Gather some various leftover veggies you may have lying around the kitchen.  And by all means grab a pint of some sweet juicy grape tomatoes! Cut all the veggies and arrange in a single layers on a silpat or a baking sheet lined with parchment or non-stick cooking spray. Add a drizzle of extra virgin olive oil to all the veggies and season generously with kosher salt, fresh cracked black pepper, and dried basil. Split the squash. Place them cut side down in a dish, add about an inch of water. After letting them sit to cool a while (they are HOT!), scrape the flesh out from "stem to stern" with a fork.  It really does come out looking like pasta.  Add in the roasted veggies. Now for the sauce, chopped garlic added to EVOO and butter.  Saute for a couple of minutes. Add white wine.  Maybe half a cup or so. Add in squeezed lemon and finish off with basil, oregano, and a little red pepper flakes. Toss the veggies with the spaghetti squash "noodles" and top with with sauce. And for garnish, a little sprinkling of fresh parsley and some mozzarella cubes.

Food Nerd Notes:
Spaghetti squash is a variety of winter squash that is believed to be native to the Americas.  The fruit can range either from ivory to yellow or orange in color. The orange varieties have a higher carotene content. Its center contains many large seeds. Its flesh is bright yellow or orange. When raw, the flesh is solid and similar to other raw squash; when cooked, the flesh falls away from the fruit in ribbons or strands like spaghetti.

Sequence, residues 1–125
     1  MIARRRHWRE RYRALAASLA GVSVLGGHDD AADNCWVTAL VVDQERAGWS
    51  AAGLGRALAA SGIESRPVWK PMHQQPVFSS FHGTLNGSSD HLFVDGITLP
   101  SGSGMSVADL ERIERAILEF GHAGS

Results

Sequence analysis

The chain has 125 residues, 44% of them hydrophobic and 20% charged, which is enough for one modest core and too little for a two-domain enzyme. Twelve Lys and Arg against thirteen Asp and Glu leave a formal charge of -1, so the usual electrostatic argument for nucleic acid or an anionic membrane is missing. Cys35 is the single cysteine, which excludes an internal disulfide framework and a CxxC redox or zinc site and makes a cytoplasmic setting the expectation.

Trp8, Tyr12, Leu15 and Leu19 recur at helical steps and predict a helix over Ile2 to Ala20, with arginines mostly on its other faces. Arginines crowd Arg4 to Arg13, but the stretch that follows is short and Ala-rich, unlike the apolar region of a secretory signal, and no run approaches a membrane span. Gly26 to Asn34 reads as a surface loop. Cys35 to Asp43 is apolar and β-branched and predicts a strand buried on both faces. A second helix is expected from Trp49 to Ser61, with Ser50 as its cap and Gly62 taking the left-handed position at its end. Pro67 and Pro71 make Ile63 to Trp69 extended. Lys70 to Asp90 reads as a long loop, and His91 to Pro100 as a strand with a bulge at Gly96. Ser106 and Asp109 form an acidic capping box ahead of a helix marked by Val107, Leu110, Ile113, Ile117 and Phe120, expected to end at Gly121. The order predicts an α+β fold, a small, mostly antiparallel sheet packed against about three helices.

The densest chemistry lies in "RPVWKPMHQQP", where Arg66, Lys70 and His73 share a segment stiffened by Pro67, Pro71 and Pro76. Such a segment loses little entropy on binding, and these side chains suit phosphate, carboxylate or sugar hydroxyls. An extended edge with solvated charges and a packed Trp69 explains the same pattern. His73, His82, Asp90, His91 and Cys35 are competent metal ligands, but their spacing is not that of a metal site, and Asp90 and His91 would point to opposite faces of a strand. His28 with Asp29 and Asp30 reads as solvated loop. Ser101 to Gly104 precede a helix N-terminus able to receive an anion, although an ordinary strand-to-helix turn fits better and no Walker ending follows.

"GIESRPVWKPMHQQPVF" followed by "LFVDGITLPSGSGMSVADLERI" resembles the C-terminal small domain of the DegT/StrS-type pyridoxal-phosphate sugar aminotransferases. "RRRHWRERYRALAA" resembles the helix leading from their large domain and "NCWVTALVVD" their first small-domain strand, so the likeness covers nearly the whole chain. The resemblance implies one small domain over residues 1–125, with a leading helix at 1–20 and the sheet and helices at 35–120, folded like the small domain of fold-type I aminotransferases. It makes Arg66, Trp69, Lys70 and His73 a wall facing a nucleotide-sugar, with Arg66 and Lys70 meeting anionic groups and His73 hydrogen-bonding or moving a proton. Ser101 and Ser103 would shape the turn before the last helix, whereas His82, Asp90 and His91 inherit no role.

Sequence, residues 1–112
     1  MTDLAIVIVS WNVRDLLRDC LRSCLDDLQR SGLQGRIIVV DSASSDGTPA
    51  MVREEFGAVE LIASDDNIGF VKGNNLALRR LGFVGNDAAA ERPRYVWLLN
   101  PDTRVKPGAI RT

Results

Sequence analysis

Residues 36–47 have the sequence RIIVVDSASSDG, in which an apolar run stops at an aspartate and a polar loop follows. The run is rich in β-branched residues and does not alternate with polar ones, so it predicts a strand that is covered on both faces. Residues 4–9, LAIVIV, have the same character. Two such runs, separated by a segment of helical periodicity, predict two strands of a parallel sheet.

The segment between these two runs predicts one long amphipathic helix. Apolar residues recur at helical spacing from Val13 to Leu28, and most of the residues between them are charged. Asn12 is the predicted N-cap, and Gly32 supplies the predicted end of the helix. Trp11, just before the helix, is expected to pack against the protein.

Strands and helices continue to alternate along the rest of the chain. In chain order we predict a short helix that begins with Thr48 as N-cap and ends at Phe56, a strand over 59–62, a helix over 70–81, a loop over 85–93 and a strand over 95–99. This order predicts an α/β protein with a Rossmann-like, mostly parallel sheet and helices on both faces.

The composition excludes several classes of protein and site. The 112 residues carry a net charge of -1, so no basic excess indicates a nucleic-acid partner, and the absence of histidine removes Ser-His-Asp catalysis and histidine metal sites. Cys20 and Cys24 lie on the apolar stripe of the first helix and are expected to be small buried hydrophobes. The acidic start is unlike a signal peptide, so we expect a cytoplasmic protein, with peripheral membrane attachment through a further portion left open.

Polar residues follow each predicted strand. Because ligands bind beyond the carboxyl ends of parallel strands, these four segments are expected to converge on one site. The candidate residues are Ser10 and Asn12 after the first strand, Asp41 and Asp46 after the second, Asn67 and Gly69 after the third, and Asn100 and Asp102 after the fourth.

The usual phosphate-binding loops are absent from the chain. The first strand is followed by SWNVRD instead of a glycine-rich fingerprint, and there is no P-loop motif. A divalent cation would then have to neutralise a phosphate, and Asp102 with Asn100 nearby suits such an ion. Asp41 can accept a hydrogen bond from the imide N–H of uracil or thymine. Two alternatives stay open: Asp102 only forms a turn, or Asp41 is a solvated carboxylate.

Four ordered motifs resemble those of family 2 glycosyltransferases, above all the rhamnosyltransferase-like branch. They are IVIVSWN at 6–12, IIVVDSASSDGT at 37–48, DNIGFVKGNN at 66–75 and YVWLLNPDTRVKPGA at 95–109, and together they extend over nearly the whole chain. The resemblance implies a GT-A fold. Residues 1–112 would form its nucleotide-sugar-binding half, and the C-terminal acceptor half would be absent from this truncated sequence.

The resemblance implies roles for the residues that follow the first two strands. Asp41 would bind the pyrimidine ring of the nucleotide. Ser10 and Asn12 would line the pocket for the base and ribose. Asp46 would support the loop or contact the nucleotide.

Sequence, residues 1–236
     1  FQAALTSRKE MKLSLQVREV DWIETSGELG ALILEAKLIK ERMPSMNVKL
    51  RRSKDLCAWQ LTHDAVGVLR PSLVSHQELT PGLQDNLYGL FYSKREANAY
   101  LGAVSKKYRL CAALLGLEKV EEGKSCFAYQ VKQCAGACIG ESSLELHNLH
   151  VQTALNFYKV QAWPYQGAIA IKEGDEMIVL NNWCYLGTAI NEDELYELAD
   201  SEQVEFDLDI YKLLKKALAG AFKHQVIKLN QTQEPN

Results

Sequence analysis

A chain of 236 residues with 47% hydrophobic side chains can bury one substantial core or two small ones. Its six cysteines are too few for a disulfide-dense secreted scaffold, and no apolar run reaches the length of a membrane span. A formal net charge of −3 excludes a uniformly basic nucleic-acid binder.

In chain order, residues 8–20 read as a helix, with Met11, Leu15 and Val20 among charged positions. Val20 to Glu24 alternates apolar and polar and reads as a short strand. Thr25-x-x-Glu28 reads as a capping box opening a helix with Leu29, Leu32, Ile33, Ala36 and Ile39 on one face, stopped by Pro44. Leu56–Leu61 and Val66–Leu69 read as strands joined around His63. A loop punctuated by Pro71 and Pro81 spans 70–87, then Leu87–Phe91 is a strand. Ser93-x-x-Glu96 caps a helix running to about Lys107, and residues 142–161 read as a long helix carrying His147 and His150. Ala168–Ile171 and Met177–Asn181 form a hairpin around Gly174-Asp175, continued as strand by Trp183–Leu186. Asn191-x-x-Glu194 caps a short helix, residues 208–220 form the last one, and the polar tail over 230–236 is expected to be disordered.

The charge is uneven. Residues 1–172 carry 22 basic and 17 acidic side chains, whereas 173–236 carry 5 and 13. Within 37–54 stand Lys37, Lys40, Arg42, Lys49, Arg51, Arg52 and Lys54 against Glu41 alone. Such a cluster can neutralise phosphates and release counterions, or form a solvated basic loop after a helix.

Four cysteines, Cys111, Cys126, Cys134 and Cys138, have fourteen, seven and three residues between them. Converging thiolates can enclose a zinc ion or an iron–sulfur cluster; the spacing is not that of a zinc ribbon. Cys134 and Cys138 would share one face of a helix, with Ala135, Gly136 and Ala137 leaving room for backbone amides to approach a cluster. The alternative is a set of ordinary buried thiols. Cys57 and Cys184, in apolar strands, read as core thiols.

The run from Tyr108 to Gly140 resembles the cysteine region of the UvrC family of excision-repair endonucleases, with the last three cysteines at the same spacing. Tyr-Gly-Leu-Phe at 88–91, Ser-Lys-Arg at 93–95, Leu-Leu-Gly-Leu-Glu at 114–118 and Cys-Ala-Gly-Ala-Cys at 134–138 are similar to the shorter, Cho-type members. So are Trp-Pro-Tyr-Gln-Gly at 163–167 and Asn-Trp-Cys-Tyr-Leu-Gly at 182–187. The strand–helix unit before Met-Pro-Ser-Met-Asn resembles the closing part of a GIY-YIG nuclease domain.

Spaghetti squash contains many nutrients, including folic acid, potassium, vitamin A, and beta carotene.  It is a low calorie food, averaging only 42 calories per 1 cup serving.   It also is very low in fat (0.40 g, or 1 percent of the daily value (DV)). The fat content consists of 0.1 g of saturated fat and 0.2 g of the more healthy polyunsaturated fats. It also supplies a small amount of heart healthy fatty acids: omega-3 (121 mg) and omega-6 (72.8 mg). Spaghetti squash is not a complete protein, but it provides sufficient quantities of eight amino acids and gives you 1 g of protein (2 percent DV). Spaghetti squash is a great source of dietary fiber.  Just 1 cup provides 2 g, or 9 percent DV. So then, one small serving of spaghetti squash provides virtually all vitamins and minerals, with an added benefit of dietary fiber. 

Spaghetti squash can be baked, boiled, steamed, or microwaved. It can be served with or without sauce, as a substitute for pasta. For those of you who are watching your carbohydrate intake, spaghetti squash is higher in nutrients and lower in carbs and calories than pasta.  It's also a great alternative to those who shun pasta due to a sensitivity to gluten or wheat products.

 
Pasta primavera is an Italian-American dish that consists of both pasta and fresh vegetables.  Sometimes, a protein such as chicken, sausage, or shrimp is added, but the focus of primavera is the vegetables themselves. The dish may contain almost any kind of vegetable, but cooks tend to stick to firm, crisp vegetables, such as broccoli, carrots, peas, onions, and green bell peppers, with tomatoes.  Pasta primavera is usually highlighted by light flavors, aromatic herbs and bright colors ('primavera' meaning the season of spring). Classic primavera sauce is based on a soffritto of garlic and olive oil, and finished with Parmesan cheese.